Vertical Support Footing - Marking

Once you have each Board Strip cut to size, remove it and mark one hole on each end on a 19mm (3/4″) face approximately 30mm (1 3/16″) from each end on the centerline.

Vertical Support Footing - Screws Vertical Support Footings - Positioning

Drill out the pilot holes and screw in the screws so that they stick out slightly from the bottom. Position the Vertical Support Footing back in the Vertical Support, then place the Vertical Support on top of the Back Board above the Red Board ends such that the sides of the Vertical Support line up with the sides of the Back Board, and the Vertical Support Footings line up with the ends of the Back Board.

Vertical Support Footing - Marking Pilot Holes

Use the Hammer to tap the heads of the screws, marking the position of the screws into the Back Board. Drill the pilot holes into the Back Board then put a reasonable amount of Wood Glue onto the bottom of the Vertical Support Footing. Screw in the Vertical Support Footing.

Vertical Support Footings

Repeat this procedure for each of the four Vertical Support Footings.

 

12) Attach Internal Vertical Support Footings to the Back Board

NOTE: As with the internal supports from step 10, it is important that these Internal Vertical Support Footings are very snug. This snug fit helps to ensure a solid Vertical Support and is the most critical part of the build.

Vertical Support Footings - Internal Footings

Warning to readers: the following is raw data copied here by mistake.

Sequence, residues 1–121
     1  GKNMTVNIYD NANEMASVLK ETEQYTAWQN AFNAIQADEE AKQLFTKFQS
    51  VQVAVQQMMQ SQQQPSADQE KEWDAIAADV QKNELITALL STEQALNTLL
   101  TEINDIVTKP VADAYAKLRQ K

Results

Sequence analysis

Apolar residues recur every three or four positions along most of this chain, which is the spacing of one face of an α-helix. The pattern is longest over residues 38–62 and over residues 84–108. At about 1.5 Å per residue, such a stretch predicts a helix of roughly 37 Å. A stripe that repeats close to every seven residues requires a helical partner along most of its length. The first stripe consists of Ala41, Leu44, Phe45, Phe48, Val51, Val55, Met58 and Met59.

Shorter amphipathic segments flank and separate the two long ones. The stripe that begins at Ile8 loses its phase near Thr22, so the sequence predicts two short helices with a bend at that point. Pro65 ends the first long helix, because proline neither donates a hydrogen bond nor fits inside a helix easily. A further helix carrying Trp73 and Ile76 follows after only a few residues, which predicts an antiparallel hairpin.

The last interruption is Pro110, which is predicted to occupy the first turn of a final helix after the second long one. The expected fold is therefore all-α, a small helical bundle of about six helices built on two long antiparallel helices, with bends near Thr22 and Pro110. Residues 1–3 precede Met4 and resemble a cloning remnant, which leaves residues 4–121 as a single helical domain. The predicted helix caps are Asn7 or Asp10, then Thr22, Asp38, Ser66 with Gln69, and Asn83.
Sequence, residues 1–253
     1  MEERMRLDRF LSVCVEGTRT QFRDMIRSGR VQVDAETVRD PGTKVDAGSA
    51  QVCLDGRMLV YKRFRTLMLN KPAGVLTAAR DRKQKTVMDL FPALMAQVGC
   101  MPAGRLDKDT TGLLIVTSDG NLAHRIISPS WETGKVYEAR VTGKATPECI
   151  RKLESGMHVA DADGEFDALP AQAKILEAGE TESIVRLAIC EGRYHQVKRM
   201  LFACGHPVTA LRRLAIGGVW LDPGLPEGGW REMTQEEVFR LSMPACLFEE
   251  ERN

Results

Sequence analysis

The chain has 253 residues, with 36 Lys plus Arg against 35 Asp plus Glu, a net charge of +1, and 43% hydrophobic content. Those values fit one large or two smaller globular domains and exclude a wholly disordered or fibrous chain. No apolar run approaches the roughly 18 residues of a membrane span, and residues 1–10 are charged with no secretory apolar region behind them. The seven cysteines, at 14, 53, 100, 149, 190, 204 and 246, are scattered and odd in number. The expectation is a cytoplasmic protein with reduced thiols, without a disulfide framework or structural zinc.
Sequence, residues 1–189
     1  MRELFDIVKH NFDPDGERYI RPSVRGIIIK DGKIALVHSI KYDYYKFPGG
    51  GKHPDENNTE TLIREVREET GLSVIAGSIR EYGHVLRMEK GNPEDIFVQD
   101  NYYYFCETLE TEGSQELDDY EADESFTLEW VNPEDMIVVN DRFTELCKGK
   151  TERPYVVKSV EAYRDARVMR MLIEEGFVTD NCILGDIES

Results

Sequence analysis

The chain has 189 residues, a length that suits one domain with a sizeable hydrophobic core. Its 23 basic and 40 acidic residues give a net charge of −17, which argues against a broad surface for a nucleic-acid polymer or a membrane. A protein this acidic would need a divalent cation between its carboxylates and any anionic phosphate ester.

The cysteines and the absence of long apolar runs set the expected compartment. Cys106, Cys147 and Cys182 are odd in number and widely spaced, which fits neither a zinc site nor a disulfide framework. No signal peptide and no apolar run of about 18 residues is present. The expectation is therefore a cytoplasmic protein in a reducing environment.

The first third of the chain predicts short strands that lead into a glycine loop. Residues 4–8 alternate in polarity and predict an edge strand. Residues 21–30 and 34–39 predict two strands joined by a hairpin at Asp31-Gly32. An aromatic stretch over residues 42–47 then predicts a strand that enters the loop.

Cut four approximately 38mm (1 1/2″) Board Strips for use as the Internal Vertical Support Footings. Mark a pilot hole in the center of a 25mm (1″) face of each Internal Vertical Support Footings, drilling each pilot hole and putting a reasonable amount of Wood Glue onto the bottom of each of the Internal Vertical Support Footings.

Using a spare Board Strip, position it in the place of the Vertical Support. Wedge this Board Strip into place with the Internal Vertical Support Footing, screwing each one into place.

Vertical Support Internal Footings

NOTE: There is no need to drill a pilot hole into the Back Board under the Internal Vertical Support Footings as the screw will be in the gap between the sides of the Back Board.

Vertical Support All Footings The Broken Board Breaker

 

13) Attach Eyelets and Bungee Cords to the Back Board

Vertical Support Internal Footings

Mark pilot holes under each of the Internal Vertical Support Footings, ensuring to miss the screws holding the Internal Vertical Support Footings. Drill out the pilot holes and install the Eyelets into the Back Board.

Bungie Cord

Get an approximately 850mm (33 1/2″) length of Bungee Cord, threading each end through an Eyelet on each side of a Vertical Support.

To attach the Bungee Cord, you can simply tie a knot in the end (as pictured above) or use some Bungee Cord Hooks like those pictured below.

Bungie Cord Hooks

Using hooks like this will allow you to also use the eyelets to attach the board holder to a heavy punching bag, tree, post or otherwise (as Ryan Gregory did with his holder, see: http://www.karate.gregoryzone.org/?p=219 ).

 

14) Attach Non-Slip Fabric to Vertical Supports

Bungie Cord

Using a Staple Gun, attach a double thickness of Non-Slip Fabric to the top face of the Vertical Supports. The Non-Slip Fabric, along with the Bungee Cords keeps the boards in place.